Gouache on paper
Dimensions: 17 x 23
Purchased through a National Endowment for the Arts grant, 1979
Though he was of Creek ancestry, Fred Beaver often depicted scenes for Seminole life. Painting in a traditional, flat style of painting that was popular at Bacone College during his years as a student, the artist illustrates a family returning home in their dugout canoe.
Beaver achieves unity throughout the artwork through the repetitive use of vertical lines and a limited palette of green, tan, black, and white. Though the subjects of this painting are represented in flat, graphic style, Beaver conveys depth through the the depiction of plant growth that overlaps the scene and perspective created by the water.
Fred Beaver was born in 1911 in Eufaula, Oklahoma, to Annie Johnson and Willie Beaver. He was a descendent of Itshaus Micco, subchief of Okfuskee town in Alabama, who moved his people to present day Eufaula.
Beaver graduated from Eufaula High School in 1931 and attended Bacone College in Muskogee that same year. In 1935, he graduated from Haskell Indian Institute. He spent most of his adult life in Oklahoma, except for the time he spent in Italy while serving the U.S. Air Force during World War II where he received private instruction in art and voice.
Beaver began to experiment with painting in 1945. Although employed full-time with the Bureau of Indian Affairs where he served as an interpreter, he painted at night and entered many major Indian art competitions. In 1960, he retired from the Indian Field Service to devote full-time to his art. Though Beaver is of Creek descent, he is best known for his depictions of Seminole life. When asked why he painted Seminole culture, he said that he wanted to be different.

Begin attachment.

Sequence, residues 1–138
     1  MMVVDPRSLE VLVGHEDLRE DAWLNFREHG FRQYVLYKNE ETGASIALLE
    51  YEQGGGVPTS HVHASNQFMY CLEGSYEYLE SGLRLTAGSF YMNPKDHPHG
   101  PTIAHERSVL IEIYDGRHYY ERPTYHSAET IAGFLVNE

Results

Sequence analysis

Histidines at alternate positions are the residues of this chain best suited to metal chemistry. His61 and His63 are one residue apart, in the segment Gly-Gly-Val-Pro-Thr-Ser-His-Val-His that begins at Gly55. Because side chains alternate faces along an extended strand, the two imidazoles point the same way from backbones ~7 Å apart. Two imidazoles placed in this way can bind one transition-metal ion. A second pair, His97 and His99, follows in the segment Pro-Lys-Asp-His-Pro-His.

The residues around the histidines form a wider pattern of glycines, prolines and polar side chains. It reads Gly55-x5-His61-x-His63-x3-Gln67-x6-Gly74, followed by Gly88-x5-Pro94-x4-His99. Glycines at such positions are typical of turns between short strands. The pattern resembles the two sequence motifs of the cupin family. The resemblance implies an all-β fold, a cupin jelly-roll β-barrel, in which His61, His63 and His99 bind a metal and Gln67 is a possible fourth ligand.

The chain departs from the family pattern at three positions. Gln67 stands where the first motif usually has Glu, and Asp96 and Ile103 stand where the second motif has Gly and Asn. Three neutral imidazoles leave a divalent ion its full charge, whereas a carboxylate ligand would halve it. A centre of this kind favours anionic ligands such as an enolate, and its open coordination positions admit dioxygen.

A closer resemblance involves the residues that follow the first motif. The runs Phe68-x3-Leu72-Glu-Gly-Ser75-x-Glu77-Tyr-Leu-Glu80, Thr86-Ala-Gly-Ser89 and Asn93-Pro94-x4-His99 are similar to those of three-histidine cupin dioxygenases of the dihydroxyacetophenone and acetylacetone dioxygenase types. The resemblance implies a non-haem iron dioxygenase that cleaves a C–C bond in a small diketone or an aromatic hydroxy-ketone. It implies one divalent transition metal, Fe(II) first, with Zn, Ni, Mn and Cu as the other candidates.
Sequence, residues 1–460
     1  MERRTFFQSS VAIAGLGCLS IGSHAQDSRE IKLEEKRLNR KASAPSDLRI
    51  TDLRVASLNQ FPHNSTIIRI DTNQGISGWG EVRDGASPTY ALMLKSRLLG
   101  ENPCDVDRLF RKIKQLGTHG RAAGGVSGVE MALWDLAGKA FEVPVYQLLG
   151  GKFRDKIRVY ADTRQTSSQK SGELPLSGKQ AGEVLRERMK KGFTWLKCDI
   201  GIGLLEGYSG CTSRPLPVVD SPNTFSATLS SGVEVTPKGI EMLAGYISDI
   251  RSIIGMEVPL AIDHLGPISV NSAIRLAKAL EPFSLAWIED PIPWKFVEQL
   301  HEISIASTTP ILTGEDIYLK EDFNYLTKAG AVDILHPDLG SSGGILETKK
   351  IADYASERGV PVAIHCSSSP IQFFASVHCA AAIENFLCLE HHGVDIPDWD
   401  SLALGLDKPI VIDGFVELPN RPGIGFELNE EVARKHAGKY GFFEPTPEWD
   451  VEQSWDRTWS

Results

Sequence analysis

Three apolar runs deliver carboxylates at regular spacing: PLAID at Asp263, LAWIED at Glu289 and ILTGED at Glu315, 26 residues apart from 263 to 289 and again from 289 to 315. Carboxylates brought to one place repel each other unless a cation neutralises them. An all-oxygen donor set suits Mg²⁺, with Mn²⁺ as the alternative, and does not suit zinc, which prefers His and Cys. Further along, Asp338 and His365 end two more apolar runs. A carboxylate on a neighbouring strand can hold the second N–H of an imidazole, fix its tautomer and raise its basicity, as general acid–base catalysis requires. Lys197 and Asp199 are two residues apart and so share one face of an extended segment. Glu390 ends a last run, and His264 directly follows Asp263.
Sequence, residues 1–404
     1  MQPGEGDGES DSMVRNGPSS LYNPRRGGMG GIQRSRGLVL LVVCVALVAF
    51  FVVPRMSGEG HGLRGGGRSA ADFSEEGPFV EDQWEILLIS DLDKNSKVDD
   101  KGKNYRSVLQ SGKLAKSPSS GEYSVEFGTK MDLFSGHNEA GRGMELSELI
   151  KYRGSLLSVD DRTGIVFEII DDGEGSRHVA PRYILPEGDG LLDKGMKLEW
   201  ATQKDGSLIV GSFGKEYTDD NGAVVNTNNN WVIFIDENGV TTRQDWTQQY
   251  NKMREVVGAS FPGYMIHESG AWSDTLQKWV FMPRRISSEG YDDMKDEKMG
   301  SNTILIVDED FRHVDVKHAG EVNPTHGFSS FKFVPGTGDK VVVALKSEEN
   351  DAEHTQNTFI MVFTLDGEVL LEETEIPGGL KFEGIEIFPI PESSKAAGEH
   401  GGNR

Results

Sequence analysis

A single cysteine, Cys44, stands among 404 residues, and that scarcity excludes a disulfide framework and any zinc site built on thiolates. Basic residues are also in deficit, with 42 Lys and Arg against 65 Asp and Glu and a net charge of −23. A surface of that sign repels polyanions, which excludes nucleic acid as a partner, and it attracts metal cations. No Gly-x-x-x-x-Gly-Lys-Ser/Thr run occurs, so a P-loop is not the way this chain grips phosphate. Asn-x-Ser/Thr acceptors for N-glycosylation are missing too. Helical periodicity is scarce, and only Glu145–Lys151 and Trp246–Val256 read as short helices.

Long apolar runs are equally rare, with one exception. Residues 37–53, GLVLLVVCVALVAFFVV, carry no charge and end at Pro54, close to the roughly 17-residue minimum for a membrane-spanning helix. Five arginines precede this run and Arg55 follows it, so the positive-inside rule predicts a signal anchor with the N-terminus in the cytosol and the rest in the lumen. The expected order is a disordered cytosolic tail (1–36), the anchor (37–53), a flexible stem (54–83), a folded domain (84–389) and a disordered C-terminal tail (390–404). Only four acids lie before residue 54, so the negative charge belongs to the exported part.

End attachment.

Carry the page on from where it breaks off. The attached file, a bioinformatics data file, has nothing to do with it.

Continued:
His artwork is found in the local permanent collections of the Five Civilized Tribes Museum, Muskogee, Gilcrease Museum, and Philbrook Museum of Art, Tulsa. His work can also be found in the Heard Museum in Phoenix, the Denver Art Museum, the Eiteljorg Museum of Indianapolis, and the National Museum of the American Indian, Washington, D.C.
His commissioned works include the Thunderbird Motel mural, Oklahoma City, and a mural for the Seminole Arts and Crafts Center, West Hollywood, Florida. The Oklahoma Republican Committee commissioned Beaver to create artwork to be gifted to President Eisenhower. The Franklin Mint commissioned three medallions for the Bicentennial Celebration in 1976.
Among his numerous awards and honors, he was designated a Master Artist in 1973 and three years later was named Outstanding Oklahoman of the Year. In 1979, he received the Outstanding Indian of the Year Award. He has been honored by the McIntosh County Historical Society and the Five Civilized Tribes Museum, which dedicated its third Master’s Exhibition in his memory.